I am not sure how It Was Me All Along came into my queue. I think it was a library recommendation based on the high number of memoirs I consume. I downloaded it without reading the description. Upon listening, my breath caught in my throat. Her descriptions of food, in terms sensual but never tawdry, were delicious. And the author’s ability to capture that sensation I knew so well, of eating eating eating to the point of too-stuffed, uncomfortably full, felt familiar. Oh, how I know that feeling, the pleasure wrapped in the pain of being overfull. Oh, how I know the twisty and complicated elements that play into emotional eating, of filling up the holes inside with consumables.
Andie Mitchell chronicles her journey with food: loving it, inhaling it, growing large larger largest, losing half her body weight (135 pounds), developing disordered eating and addictive behaviors around food and exercise as a rebound from two decades of extreme food addiction. She points out that when she was fat, others would avoid talking about her body, but upon beginning a weight loss journey, suddenly her body was grounds for public discussion. She described the ways that others’ bright comments about her appearance reinforced her feeling that as a heavy/overweight/fat person, she was less valuable than she was at half her previous size. She explored the ways that heft and weight and body and the social unacceptability of some bodies over others contribute to challenges in love and relationships. Hearing her read, I felt less alone.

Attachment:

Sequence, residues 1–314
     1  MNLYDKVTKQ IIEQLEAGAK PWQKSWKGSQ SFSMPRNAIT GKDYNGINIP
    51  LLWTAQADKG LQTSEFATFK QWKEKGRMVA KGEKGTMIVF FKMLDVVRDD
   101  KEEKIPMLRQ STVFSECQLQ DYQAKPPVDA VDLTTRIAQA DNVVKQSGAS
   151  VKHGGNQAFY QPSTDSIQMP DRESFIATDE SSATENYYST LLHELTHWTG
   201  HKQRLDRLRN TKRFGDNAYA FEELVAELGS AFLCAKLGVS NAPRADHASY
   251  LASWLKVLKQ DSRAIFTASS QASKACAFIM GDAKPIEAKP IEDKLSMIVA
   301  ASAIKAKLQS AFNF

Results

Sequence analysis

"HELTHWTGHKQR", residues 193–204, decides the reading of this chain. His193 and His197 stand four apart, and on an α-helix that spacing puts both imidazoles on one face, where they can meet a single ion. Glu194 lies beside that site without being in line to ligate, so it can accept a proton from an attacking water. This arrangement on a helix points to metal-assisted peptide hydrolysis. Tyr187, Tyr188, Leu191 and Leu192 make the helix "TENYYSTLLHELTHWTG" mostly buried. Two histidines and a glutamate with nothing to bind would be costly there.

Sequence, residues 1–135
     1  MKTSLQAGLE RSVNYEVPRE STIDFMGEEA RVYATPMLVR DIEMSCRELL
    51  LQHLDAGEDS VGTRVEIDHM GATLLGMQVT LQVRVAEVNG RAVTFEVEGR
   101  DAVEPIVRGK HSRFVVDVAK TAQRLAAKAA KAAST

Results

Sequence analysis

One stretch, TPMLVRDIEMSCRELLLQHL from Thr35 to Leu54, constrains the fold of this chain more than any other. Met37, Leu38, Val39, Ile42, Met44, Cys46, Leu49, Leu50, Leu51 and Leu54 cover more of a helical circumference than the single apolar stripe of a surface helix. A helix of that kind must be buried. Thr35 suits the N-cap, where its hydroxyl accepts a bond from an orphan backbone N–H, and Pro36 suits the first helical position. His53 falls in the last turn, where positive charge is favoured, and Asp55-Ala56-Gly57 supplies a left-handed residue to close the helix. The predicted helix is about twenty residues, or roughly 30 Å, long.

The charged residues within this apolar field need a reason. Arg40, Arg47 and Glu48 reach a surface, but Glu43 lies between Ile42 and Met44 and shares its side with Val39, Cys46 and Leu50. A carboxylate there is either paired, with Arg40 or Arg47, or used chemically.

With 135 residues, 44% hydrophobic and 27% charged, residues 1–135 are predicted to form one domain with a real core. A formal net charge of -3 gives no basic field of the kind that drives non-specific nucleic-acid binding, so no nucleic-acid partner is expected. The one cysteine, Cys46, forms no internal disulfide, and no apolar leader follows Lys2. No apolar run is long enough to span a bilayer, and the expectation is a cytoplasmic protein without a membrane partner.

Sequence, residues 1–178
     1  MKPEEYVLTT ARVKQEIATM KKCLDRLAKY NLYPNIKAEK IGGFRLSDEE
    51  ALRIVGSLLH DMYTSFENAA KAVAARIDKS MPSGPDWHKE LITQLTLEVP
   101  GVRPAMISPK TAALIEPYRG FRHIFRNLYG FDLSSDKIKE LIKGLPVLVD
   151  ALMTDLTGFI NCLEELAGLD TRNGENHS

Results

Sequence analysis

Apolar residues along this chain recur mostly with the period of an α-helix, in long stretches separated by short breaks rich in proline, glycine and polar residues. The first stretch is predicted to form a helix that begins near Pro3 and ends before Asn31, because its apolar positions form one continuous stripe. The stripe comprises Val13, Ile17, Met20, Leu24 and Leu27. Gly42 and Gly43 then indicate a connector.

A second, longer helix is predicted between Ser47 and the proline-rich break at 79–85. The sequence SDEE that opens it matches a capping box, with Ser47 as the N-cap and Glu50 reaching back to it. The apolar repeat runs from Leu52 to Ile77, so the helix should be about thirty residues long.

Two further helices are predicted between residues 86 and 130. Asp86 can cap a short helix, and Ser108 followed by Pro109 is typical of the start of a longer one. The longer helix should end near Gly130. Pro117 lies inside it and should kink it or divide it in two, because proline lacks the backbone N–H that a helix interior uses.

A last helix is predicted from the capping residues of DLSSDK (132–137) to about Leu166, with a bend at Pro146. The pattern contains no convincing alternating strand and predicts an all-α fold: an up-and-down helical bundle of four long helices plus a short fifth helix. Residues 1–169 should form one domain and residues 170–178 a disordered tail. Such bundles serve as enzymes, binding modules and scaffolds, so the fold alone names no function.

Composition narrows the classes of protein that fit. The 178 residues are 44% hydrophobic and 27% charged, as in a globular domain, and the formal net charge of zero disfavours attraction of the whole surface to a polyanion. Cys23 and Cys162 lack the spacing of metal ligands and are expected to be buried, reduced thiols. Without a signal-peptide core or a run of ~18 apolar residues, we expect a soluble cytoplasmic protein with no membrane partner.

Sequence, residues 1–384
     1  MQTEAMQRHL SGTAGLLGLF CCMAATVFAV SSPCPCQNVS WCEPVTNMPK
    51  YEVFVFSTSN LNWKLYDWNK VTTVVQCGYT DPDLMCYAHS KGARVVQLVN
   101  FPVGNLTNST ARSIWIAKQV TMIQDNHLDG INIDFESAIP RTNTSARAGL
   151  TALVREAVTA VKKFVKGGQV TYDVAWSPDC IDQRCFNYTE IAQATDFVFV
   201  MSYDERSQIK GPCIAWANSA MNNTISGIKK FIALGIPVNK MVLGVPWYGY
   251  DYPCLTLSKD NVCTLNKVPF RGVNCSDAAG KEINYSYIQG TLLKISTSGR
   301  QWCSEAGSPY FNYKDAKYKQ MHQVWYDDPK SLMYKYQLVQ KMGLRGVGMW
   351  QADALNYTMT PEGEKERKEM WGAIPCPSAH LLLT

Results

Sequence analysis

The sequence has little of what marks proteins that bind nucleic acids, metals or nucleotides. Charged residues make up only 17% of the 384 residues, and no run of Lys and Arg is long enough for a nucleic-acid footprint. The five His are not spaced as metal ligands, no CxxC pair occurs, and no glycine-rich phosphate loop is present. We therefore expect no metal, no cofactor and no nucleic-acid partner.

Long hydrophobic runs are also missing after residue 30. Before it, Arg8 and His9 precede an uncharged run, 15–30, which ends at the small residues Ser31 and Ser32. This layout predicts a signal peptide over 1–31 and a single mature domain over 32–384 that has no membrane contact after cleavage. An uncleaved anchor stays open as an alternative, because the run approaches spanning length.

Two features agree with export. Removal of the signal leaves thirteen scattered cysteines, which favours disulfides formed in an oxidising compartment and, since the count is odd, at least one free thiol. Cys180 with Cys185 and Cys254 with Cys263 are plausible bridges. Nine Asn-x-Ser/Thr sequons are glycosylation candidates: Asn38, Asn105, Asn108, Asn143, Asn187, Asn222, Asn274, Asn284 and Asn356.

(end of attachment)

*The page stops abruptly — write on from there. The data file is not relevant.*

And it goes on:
Having personally gained and lost a couple hundred pounds in my adult life, I have a love/hate relationship with tales of transformation and redemption with regard to painful patterns with food and body and size. For years I’ve avoided deeply delving into the subject of size and fatness and body acceptance and dieting and my own convoluted relationship with food and fitness and fatness. It’s tiresome. I’m tired.
“Tell Me I’m Fat,”an episode of the This American Life radio show and podcast that aired during summer 2016, inspired me to seek out media and writing on the topic (see Jes Baker, Things No One Will Tell Fat Girls, and Roxanne Gay, Bad Feminist). Andie Mitchell’s book added significant heft to the wedge of words and stories that may at long last pry open the door on this topic for me personally. She tells her story unflinchingly, with grace, compassion, and accountability. However it landed in my ears, I’m taking it as serendipity that it arrived.